Despite The Bombs, We have a Wedding to Attend

Today, it is not the time to cry. It is the time of joy, frivolity and song.

Mahmood and Shima got married recently in a great feast of celebration despite the bloody and vicious war on Gaza.

A big wedding ceremony was held in Deir Al Balah in the west of central Gaza despite the roaring sound of planes. It was an eerie normality!

The social media has been inundated with video clips of the dancing and pomp. The party was held in the Mohammad Al Durra Stadium in Dier Al Balah which currently houses thousands of displaced people in tents that came to assemble here from all over the Gaza Strip.

The couple were engaged seven months ago says the mother of the groom.

“They were supposed to be married in the middle of October but canceled the wedding after 7 October when the war on Gaza started,” she says.

“There is no better time than the present,” she says with more carelessness than a brave face as if to say this is our life. “Let us get it over and done with.”

Just after that glum day, the families were forced to move from the Gaza City and like hundreds of thousands of people, driven by Israeli warplanes, ships and troops with their big guns, missiles and bombs that thudded day and night. 

Literally overnight, they become displaced and moved from one place to another, internal refugees inside Gaza. This family was lucky however. It was only one stop for them unlucky many of the others who kept moving finally ending up in Dier Al Balah, across the center of Gaza, and to the south to Khan Younis, Beni Suhaila and Rafah.

So, their parents came together in the makeshift tent they hoisted and decided to consummate the marriage of the young ones. It was a beautiful wedding, despite the reg-tagged surroundings amidst the rows upon rows of tents. 

The bride wore a beautiful white dress adorned with red trappings of rich Palestinian embroidery, giving one a plush aura of quirk modernity and tradition. It was a feeling of pageantry amidst the daily massacres and the destruction.

Just for that moment nobody gave a dam about the war instituted against them. “So what?” seems to be the prevailing attitude amongst the men and women, young and old. They even chanted a song about life and death.

Weddings are ongoing in Gaza despite the Genocide perpetrated by the Israelis. Last month, there was another wedding ceremony in Rafah with the same bluster and joy and under the Israeli thuds.

“You soon get used to it,” one of those at the party said. “This is defiance, by our marriage, our song and enjoyment, we are telling the Israelis do what you will, you will never beat us,” said Akram.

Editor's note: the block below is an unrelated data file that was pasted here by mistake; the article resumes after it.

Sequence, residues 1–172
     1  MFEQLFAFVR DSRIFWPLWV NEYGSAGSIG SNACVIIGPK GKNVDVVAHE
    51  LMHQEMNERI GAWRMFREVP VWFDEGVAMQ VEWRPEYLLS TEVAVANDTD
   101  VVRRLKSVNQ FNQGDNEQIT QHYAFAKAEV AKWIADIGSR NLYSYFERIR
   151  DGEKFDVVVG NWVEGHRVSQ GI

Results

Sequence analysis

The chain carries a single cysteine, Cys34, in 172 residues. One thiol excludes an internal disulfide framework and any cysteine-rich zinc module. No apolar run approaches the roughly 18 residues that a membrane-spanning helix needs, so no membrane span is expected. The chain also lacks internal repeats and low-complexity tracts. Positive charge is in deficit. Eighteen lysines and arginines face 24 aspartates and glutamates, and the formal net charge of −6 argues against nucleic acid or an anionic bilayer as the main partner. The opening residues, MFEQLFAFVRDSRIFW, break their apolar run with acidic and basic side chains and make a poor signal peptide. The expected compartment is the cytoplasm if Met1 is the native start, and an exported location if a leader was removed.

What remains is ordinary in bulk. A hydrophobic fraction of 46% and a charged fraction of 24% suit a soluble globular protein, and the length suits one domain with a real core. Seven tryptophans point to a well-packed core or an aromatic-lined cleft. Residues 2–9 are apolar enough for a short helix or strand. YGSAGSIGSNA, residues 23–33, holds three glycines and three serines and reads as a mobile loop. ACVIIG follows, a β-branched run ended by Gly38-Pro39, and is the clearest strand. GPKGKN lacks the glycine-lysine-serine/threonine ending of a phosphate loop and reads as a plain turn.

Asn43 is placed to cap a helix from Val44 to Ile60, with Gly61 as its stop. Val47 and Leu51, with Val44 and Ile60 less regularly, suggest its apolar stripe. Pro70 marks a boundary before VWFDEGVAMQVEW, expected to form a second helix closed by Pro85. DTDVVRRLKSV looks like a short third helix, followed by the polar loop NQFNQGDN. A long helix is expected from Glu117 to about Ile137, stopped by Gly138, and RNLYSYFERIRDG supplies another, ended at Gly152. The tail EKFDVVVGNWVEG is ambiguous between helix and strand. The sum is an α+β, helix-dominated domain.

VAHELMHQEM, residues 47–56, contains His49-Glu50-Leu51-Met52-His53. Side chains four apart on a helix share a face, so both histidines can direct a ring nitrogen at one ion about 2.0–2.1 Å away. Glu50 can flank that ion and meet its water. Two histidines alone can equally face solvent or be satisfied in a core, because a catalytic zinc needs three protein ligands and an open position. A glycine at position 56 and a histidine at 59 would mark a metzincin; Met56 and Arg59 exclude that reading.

Weddings in Palestine and Gaza is a time of happy occasions and reflections, it’s a time of fertility, reproduction and growth. It’s a representation of Palestinian identity and its renewal and the Israelis are not happy with that and see it as a direct challenge to them.

Gazans marry a lot younger than the average in the occupied West Bank and produce a lot of children. This Israeli war has highlighted a lot of pregnancies with women waiting in the pipeline waiting to give birth, sometimes in ramshackle houses torn apart, in heavily human-congested UNRWA schools that become a place for the displaced and/or simply on side-roads and alleyways.

Only this week a young woman cried when she heard she was carrying triplets. “What? In this war against us?” she asked aghast and she is not the only one in a Gazan population of 2.3 million.

In the latest wedding there was much dance and merriment with traditional folklore songs and rollicking in between tents and everyone clapping and singing despite being uprooted from their homes and the bleak future. For a while war was the furthest from anyone’s mind.

“I was planning for this wedding soon after the couple got engaged but with the war, we lost everything and that includes the dresses for the bride” the mother’s groom said. 

“But that didn’t bother me” Mohammad, the young man being wed said. Unlike the bride, he was wearing jeans with a checkered shirt.

“We are making do with what we have and it turned out to be great with everyone one enjoying themselves.”

“Don’t worry we are not leaving our homeland, we are staying put, whether here in Dier Al Balah or going back to Gaza city to rebuild our homes,” he says cheerfully.

“What I want to do when this is over is take my bride and go for honeymoon but guess where? To Makkah, for Umrah and thank the Lord,” that we have made it alive in this Israeli war against us. 

Marwan Asmar is an Amman based writer


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